In Vancouver, more than a quarter of residents speak a non-official language when at home.
Around 27.6 per cent of Metro Vancouverites don't usually speak English or French when at home, according to StatsCanada. That's the highest such percentage in Canada, more than a full percent of second-place Toronto, and accounts for more than 722,000 of Metro Vancouver's 2.6 million residents.
"Each year, large urban centres are the destination of a significant proportion of immigrants who settle in Canada, which helps to increase the diversity of these centres," notes the federal agency.
For Vancouverites who don't speak English or French at home, they're most likely to speak Mandarin according to the stats, with more than a fifth of those (152,800) not speaking an official language at home using the Chinese language. Just behind it is Punjabi (19 per cent) and Yue/Cantonese (18 per cent). After those three it drops off drastically, with Korean in fourth with six per cent. All other languages make up the other 36 per cent.
This is similar to Toronto, which also sees Mandarin, Punjabi and Yue/Cantonese in the top three slots, but at much lower rates. In Montreal it's much different, with Spanish and Arabic outpacing other languages.
In Metro Vancouver there are a vast array of languages used, with somewhere around 170 separate languages spoken at home in the city by at least five people. That includes the Celtic Welsh language from Great Britain, the Edo language from Niger, and around 200 people speaking Kannada from southwest India.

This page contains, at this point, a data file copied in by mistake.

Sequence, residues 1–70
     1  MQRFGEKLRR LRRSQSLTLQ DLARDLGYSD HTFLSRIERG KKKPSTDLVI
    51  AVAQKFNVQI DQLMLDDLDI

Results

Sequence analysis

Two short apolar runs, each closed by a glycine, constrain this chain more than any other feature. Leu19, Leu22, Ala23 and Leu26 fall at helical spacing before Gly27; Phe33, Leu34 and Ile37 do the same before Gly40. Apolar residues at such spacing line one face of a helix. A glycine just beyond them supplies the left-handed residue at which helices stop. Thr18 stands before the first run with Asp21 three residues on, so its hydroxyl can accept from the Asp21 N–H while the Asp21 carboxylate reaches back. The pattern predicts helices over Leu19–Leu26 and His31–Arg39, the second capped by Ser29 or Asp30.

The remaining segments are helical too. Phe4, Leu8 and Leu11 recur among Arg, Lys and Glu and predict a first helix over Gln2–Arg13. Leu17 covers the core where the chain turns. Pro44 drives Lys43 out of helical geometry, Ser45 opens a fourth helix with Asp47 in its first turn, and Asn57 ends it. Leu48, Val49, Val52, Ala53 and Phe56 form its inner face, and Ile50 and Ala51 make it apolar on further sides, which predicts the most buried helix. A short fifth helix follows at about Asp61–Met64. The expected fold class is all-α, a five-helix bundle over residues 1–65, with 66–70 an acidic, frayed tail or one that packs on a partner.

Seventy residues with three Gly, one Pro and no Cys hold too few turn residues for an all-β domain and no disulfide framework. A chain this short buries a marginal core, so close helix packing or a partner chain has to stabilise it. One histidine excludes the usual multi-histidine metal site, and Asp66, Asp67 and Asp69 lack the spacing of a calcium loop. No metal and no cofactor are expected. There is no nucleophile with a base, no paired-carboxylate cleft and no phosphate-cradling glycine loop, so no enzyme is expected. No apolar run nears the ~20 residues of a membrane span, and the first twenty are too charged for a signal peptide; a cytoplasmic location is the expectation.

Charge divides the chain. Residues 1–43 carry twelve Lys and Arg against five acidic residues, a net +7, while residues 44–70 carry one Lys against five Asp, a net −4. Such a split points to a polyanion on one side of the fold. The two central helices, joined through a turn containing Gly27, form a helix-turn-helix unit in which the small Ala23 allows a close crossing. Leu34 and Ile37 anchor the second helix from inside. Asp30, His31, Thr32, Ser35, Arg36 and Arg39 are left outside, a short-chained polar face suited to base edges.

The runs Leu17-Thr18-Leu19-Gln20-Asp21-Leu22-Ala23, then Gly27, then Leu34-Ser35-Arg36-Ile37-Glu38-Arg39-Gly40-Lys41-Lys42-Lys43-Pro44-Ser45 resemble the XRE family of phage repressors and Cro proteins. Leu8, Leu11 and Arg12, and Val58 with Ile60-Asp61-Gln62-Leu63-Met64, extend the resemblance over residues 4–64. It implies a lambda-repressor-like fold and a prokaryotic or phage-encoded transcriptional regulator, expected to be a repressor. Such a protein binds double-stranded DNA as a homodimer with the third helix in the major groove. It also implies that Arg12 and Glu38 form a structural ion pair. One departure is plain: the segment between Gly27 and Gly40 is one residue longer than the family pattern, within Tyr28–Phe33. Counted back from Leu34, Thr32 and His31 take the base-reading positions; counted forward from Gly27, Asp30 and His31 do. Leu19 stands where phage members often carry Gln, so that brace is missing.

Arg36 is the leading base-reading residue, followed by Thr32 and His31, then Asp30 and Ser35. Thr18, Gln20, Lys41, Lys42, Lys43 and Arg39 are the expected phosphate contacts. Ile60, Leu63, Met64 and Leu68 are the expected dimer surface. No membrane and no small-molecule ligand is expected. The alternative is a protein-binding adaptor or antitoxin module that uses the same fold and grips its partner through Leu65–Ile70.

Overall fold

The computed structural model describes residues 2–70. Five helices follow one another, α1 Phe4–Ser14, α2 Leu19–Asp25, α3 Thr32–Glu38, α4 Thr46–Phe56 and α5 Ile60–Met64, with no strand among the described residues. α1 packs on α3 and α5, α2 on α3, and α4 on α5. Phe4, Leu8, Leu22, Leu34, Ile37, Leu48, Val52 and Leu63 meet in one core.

However, it was also noted that many whose mother tongue is not English or French still use one of the official languages at home.
"English and French, remain the languages of convergence—meaning that they are learned, spoken and adopted as the languages of everyday life by many Canadians for whom neither is their mother tongue," states StatsCanada.
Indigenous languages have continued to see a decrease in use, though there are efforts to keep some alive. Around 189,000 say an Indigenous language is their mother tongue.
"The number of individuals reporting an Indigenous mother tongue, alone or with another language, declined 6.8% from 2016 to 2021 in Canada, while the number of individuals reporting they could have a conversation in an Indigenous language decreased by 3.3% over the same period," reports StatsCanada.
In Vancouver, Indigenous language speakers are rare, with only 110 census respondents saying they speak a language like Tlingit, Squamish or Cree at home; Cree languages, in general, were the most common response in Vancouver, where historically the Salish and Wakashan languages were used by locals First Nations.